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The Shakespeare Association of America, Inc.

George Washington University

The Question of the One and the Many: The Globe Shakespeare, The Complete King Lear,
and The New Folger Library Shakespeare
Authors(s): Margreta De Grazia
Source: Shakespeare Quarterly, Vol. 46, No. 2 (Summer, 1995), pp. 245-251
Published by: Folger Shakespeare Library in association with George Washington
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The Question of the One and the Many:

The Globe Shakespeare,

The Complete KING LEAR, and

The New Folger Library Shakespeare



that for centuries afterwards commemorated his triumph with an

annual voyage to Delos. Over time the rotten planks were replaced with

fresh ones until none of the original timber remained. As Plutarch and

others recount, the ship became a famous subject of debate among philos-

ophers: was the renovated ship the same ship in which Theseus had sailed?

a different one? or even a number of different ones-as many as there were

new planks?' In other words, was Theseus's ship One or Many?

Shakespeareans have been asking themselves for the past generation a

similar question with regard to some of Shakespeare's plays. Is a play in

which numerous lines and words differ from one edition to another the

same play or a new play altogether? Consider the case of King Lear. It was

printed in a 1608 quarto as The True Chronicle Historie of the life and death of

King Lear and in the 1623 Folio as The Tragedie of King Lear. Three hundred

lines in the former have no equivalent in the latter; one hundred lines in the

latter have no equivalent in the former. In addition, the two texts give

different readings for over eight hundred words. Is one then a version of

the other? Or is each a discrete work? Have we one text of Lear or many?

If limited to speculation, the question of one versus many could remain

moot, as indeed Plutarch claims it did among the philosophers. But prac-

tical matters compel an answer. Suppose the need arose to duplicate The-

seus's ship. What would serve as model? The ship in its present state? A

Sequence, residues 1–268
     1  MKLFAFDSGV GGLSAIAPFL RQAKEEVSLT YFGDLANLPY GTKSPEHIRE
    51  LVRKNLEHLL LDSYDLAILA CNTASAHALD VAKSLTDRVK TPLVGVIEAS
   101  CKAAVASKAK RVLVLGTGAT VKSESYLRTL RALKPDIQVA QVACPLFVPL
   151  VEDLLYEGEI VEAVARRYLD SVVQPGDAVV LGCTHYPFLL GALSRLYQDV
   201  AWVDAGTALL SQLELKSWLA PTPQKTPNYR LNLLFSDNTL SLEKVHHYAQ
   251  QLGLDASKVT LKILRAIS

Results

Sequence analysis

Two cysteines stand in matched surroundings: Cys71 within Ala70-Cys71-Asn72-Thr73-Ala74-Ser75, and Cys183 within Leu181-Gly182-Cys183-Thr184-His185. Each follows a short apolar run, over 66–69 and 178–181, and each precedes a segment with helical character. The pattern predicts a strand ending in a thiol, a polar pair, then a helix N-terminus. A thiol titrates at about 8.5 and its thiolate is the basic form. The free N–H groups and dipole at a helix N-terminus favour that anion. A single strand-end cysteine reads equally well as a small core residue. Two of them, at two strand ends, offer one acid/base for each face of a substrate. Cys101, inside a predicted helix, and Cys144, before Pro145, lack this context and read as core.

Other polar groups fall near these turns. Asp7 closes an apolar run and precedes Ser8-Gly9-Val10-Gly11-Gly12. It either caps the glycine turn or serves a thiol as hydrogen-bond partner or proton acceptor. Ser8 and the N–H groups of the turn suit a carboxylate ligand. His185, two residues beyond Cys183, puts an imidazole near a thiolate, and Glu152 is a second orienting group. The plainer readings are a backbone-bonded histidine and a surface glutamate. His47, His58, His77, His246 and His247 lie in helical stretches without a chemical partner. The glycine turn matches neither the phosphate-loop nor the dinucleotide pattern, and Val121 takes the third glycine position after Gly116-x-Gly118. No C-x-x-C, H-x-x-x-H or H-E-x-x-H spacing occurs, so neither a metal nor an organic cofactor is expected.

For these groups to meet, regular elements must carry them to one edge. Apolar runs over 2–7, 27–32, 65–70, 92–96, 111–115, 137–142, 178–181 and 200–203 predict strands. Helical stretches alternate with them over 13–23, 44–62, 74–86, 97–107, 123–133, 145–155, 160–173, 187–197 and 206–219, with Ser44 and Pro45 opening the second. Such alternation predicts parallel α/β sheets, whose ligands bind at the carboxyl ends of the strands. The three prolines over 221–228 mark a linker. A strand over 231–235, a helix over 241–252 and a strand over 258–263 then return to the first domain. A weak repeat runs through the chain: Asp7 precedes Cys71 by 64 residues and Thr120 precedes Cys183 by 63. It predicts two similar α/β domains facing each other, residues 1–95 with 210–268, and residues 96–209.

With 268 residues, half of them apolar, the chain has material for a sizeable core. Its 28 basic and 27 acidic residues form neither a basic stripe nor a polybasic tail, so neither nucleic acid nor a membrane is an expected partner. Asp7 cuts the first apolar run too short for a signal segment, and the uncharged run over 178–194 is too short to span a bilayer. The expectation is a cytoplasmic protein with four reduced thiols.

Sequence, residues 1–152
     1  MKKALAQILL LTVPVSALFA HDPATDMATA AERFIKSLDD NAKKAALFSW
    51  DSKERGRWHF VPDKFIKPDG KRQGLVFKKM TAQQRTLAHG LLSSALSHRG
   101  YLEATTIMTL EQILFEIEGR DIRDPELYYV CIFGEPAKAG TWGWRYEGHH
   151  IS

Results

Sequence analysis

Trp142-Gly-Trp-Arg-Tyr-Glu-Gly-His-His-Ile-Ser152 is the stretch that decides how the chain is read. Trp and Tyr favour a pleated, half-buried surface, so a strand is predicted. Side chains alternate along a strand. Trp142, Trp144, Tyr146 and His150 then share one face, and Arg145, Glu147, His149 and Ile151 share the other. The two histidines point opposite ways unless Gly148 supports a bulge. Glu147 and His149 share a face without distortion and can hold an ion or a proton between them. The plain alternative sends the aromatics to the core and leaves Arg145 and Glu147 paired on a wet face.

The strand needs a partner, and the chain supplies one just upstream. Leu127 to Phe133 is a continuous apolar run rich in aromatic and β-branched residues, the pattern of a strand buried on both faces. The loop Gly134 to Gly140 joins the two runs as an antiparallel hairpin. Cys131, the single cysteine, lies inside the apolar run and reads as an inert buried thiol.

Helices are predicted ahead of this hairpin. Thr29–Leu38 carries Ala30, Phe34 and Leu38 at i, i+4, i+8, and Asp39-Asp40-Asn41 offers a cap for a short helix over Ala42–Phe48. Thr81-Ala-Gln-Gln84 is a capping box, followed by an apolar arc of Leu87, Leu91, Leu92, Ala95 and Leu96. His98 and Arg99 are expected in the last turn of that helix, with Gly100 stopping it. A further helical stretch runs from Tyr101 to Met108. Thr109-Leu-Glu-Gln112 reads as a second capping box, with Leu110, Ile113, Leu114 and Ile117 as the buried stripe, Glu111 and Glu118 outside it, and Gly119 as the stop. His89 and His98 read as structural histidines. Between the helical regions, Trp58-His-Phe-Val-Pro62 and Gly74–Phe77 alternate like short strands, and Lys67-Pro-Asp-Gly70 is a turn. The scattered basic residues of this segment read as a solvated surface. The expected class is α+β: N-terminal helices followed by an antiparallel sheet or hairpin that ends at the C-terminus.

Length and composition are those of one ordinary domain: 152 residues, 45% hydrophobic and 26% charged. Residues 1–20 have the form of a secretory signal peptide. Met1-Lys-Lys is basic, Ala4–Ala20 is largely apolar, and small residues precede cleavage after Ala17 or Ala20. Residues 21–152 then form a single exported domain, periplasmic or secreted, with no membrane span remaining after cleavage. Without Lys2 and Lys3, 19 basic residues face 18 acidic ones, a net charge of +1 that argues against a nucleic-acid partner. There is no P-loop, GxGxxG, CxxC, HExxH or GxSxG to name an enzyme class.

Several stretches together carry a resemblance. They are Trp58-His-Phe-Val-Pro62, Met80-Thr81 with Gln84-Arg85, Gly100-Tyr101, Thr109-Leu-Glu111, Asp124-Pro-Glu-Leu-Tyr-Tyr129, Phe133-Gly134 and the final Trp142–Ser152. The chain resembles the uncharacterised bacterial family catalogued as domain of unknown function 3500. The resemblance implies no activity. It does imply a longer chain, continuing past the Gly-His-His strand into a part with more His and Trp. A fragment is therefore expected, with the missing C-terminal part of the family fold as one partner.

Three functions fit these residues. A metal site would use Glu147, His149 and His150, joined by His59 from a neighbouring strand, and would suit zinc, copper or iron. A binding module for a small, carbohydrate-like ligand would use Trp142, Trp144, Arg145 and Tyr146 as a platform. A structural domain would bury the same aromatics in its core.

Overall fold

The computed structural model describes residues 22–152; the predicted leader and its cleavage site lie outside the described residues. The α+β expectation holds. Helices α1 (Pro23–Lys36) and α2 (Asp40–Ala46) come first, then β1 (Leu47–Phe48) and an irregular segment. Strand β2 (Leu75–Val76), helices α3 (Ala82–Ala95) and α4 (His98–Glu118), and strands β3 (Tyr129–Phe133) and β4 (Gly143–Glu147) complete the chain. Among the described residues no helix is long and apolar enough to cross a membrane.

reconstruction of the ship as it was in Theseus's time? Numerous ships

representing the ship as it variously appeared through time? A composite

of those numerous ships?

When does something cease to be itself and become something else?

Socrates tackles this philosophical question throughout the Platonic dia-

logues. (Perhaps that is why Theseus's ship looms over the final dialogue, its

return to Athens delaying Socrates's execution.2) In the Republic discussion

of the problem focuses not on ships but on tables and beds. How can we

know that a table is identical with itself when it looks different from different

I Plutarch's Lives, trans. Bernadotte Perrin, 11 vols. (London: William Heinemann, 1928),


2 See Phaedo in The Collected Dialogues of Plato, ed. Edith Hamilton and Huntington Cairns

(Princeton, NJ: Princeton UP, 1987), 58a-d.

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angles?3 Here, too, the problem must be settled when the time comes to

copy the table. What is the craftsman to use as model in building a table?

The craftsman, Socrates explains, "fixes his eye on the idea or form" of

the table in constructing his own particular table.4 The immaterial and

transcendent Idea renders difference merely apparent: "[The table] ap-

pears other but differs not at all."5 The innumerable material tables on the

ground are aspects of the great, single ideational table in the sky.

As with ships and tables, so, too, with texts. When duplicating King Lear,

what should the editor copy? How are multiple texts to be resolved into one

fixed play? The same problem can arise on a smaller scale when an editor

must decide how variants are to be resolved into a single word. Should it be,

for example, "by the mistress of Hecat" or "by the miseries of Hecat" or "by

the mysteries of Hecat"?6 At the levels of word and text, in emending or

collating, the editor's job has traditionally involved making One out of